Monthly Archives: October 2006

Anatomy of a scientific fraud

Just drop everything, and read the NYTimes story (mixed with some analysis) about Eric Poehlman’s fraud which made him “only the second scientist in the United States to face criminal prosecution for falsifying research data.” Here’s the opening paragraph:

On a rainy afternoon in June, Eric Poehlman stood before a federal judge in the United States District Court in downtown Burlington, [Vermont]. His sentencing hearing had dragged on for more than four hours, and Poehlman, dressed in a black suit, remained silent while the lawyers argued over the appropriate sentence for his transgressions. Now was his chance to speak. A year earlier, in the same courthouse, Poehlman pleaded guilty to lying on a federal grant application and admitted to fabricating more than a decade’s worth of scientific data on obesity, menopause and aging, much of it while conducting clinical research as a tenured faculty member at the University of Vermont. He presented fraudulent data in lectures and in published papers, and he used this data to obtain millions of dollars in federal grants from the National Institutes of Health — a crime subject to as many as five years in federal prison. Poehlman’s admission of guilt came after more than five years during which he denied the charges against him, lied under oath and tried to discredit his accusers. By the time Poehlman came clean, his case had grown into one of the most expansive cases of scientific fraud in U.S. history.

The following paragraph, which appears in the second part of the long article, sums up the problem:

The scientific process is meant to be self-correcting. Peer review of scientific journals and the ability of scientists to replicate one another’s results are supposed to weed out erroneous conclusions and preserve the integrity of the scientific record over time. But the Poehlman case shows how a committed cheater can elude detection for years by playing on the trust — and the self-interest — of his or her junior colleagues.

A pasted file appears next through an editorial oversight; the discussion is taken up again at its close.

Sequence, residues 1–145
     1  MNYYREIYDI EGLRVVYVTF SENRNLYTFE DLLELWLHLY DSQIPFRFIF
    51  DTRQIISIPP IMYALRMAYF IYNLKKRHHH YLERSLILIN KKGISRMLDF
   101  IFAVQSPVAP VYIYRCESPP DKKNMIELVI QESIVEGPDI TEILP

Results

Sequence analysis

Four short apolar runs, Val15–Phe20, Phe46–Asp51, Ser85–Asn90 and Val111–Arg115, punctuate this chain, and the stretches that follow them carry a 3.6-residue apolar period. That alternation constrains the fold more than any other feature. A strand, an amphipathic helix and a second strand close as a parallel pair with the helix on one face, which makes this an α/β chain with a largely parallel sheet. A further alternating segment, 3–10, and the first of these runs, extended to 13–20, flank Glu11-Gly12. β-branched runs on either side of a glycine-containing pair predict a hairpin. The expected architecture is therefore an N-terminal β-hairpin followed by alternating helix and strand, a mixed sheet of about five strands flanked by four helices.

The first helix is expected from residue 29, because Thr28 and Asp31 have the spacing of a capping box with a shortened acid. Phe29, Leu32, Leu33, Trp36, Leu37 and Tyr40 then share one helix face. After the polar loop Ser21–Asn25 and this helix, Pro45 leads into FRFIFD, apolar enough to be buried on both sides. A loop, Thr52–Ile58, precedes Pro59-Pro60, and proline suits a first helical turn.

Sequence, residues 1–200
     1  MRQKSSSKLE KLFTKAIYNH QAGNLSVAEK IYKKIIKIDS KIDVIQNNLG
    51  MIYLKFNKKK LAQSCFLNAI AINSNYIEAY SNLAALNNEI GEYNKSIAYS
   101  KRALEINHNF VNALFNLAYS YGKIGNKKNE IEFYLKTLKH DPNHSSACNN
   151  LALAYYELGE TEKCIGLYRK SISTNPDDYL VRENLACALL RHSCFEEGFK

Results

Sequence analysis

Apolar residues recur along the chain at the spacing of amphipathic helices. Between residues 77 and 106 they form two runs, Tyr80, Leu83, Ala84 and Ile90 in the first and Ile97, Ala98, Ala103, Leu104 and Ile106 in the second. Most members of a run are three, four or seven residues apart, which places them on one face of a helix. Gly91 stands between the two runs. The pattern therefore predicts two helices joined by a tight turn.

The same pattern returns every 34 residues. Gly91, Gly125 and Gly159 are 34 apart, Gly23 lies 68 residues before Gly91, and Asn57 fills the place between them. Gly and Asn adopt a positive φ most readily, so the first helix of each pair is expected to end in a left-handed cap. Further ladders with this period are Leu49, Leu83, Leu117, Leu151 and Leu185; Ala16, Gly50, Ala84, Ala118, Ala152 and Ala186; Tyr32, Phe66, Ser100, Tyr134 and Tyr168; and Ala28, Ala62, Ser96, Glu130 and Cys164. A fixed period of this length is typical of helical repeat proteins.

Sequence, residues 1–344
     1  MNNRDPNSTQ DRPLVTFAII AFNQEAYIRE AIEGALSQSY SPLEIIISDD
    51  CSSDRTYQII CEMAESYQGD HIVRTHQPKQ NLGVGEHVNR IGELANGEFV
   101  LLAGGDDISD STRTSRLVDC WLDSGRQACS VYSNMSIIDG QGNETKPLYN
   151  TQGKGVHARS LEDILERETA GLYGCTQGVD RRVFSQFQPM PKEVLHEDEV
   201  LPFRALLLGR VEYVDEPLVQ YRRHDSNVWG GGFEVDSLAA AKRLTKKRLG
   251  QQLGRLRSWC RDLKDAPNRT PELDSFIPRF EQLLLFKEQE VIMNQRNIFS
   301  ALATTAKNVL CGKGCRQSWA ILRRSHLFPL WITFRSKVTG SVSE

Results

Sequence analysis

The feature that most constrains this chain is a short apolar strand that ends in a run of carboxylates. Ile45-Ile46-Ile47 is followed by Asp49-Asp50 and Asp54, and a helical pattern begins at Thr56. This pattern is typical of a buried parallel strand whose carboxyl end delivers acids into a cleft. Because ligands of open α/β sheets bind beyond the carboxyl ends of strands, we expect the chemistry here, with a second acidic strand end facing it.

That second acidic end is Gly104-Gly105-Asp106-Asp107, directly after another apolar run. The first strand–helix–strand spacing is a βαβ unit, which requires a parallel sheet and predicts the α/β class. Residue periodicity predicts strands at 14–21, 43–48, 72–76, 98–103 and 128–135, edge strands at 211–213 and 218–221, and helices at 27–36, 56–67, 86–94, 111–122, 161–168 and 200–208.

Two other high profile cases of fraud in recent times — Hendrik Schön and Hwang Woo Suk — also make an appearance in the NYTimes story:

Most people involved in Poehlman’s case say that fraud as extensive as his represents an uncommon pathology, similar to what drove the South Korean scientist who claimed to have cloned human stem cells or the Lucent Technologies physicist who falsified extensive amounts of nanotechnology data. More frequent, according to a study published in Nature in June 2005, are smaller lapses in ethical judgment, like failing to present data that contradicts your previous research or inappropriately assigning author credit. Brian Martinson, who conducted that study with colleagues from the University of Minnesota, suggests that those gray areas, which many scientists inhabit at one time or another during their careers, portend a greater ailment for the scientific process. Minor transgressions, largely undetected and easily rationalized, can build up like plaque, compromising scientific integrity over time.

Do read the whole thing. It’s long, but well worth it.

Mechanics of superheroes

The spider-‘silk’ produced by Spiderman about as thick as his arm — it’s more like ‘spider-rope’. But, does it really need to be that thick? No, says this SciAm article on the wonderful combination of mechanical properties of real spidersilk.